Despite collapsing prices and rising excess inventories, the market isn’t yet facing the crisis that devastated the industry in 2008.
Among all base metals, aluminum seems to be the most affected by the Coronavirus pandemic. Orders from car-makers halted, and the stock remains stuck at high levels. The two-week shutdown was equal to about 240 million lb of a lost shipment. It’s not a good start to the year of a market segment.
Smelters are losing money because prices trade at almost four-year lows. Moreover, a slump in demand led to a rapidly expanding surplus.
The previous financial crisis led to an excess of the aluminum that took more than a decade to work off. This time Analysts hope that significant economies will emerge from government-imposed lockdowns before the surplus reaches such harmful extremes.
Philippe Mueller, the head of aluminum trading at Trafigura Group, said there’s no sense of panic. The company is supporting its long-term suppliers by taking some additional volumes in the short term.
Suppliers to car-makers have still been accepting some deliveries. It is reducing pressure on aluminum producers who might otherwise be looking to destock, Mueller said. Moreover, customers in other sectors are starting to request more primary metal to make up for a sharp drop in scrap supply.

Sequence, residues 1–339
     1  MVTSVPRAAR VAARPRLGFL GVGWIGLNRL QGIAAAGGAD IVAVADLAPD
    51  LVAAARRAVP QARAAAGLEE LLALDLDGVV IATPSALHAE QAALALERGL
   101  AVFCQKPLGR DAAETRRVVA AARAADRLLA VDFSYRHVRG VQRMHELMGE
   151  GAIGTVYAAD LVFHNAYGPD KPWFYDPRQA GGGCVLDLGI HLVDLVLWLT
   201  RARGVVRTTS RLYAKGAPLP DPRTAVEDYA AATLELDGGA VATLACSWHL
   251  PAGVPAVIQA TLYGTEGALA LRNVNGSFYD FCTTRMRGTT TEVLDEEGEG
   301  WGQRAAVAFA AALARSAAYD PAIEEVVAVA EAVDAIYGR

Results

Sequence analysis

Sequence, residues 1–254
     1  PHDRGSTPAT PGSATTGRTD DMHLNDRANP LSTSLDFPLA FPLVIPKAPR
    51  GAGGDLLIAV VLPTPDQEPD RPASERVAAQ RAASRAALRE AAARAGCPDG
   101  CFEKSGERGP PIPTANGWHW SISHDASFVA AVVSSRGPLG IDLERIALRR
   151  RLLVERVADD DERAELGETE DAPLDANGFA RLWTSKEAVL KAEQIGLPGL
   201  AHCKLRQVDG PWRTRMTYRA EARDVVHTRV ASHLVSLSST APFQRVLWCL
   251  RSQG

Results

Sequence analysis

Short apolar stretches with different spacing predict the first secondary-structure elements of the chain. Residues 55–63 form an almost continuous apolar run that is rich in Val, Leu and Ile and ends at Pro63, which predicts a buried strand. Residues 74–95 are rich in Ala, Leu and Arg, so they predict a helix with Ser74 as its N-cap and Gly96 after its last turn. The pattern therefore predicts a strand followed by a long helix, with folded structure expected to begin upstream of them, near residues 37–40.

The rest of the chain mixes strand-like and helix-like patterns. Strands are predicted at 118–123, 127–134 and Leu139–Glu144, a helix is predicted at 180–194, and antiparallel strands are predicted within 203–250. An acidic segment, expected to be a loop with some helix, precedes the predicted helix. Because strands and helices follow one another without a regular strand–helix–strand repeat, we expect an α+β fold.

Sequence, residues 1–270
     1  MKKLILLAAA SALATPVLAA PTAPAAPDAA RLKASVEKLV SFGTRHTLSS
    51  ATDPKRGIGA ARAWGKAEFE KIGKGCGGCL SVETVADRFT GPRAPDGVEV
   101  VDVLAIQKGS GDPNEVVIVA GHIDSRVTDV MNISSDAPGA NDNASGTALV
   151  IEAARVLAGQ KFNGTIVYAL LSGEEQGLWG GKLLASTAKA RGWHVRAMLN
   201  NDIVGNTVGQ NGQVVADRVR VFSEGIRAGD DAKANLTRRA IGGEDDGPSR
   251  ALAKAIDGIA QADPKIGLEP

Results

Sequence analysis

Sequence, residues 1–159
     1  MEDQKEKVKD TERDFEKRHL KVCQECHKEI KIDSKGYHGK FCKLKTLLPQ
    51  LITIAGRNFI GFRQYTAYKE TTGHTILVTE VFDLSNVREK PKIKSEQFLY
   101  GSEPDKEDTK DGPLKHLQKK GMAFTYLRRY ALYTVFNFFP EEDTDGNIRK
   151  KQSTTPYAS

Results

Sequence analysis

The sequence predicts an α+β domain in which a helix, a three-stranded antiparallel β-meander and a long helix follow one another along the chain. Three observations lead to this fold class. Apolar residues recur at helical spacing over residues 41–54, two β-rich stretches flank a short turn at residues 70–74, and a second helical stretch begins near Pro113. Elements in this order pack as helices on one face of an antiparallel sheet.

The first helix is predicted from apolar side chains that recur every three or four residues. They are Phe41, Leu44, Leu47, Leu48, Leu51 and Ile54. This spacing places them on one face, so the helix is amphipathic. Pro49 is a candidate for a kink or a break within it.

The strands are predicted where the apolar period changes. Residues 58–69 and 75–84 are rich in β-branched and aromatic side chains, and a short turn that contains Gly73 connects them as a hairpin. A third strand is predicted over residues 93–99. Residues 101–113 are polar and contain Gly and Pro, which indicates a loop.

Producers don’t see recovery in aluminum usage until the second half of the year
Many countries across Europe have been in lockdown for weeks. Still, the aluminum industry only started getting hit this month. Wood Mackenzie, a Metals and Mining Research and Consultancy Group, said that they experienced a delay in shutting down plants that supply the automotive sector.
Kamil Wlazly, a senior analyst at Wood Mackenzie, said that it’s difficult to answer if the scare in the market will be worse than the crisis of 2008.
The market is displaying early signs of stress. On the London Metal Exchange, spot prices are trading at the lowest discount.
United Co. Rusal, the largest producer outside China, has seen clients delaying orders. The world’s second-largest aluminum company doesn’t expect usage recovery to start until the second half of the year at the earliest.
Under the circumstances, smelters are increasingly retooling their production lines. They are trying to make more readily saleable aluminum and scale back the production of specialized products that were highly profitable before the coronavirus outbreak. Eoin Dinsmore, a research manager at CRU, said that producers began switching away from value-added products.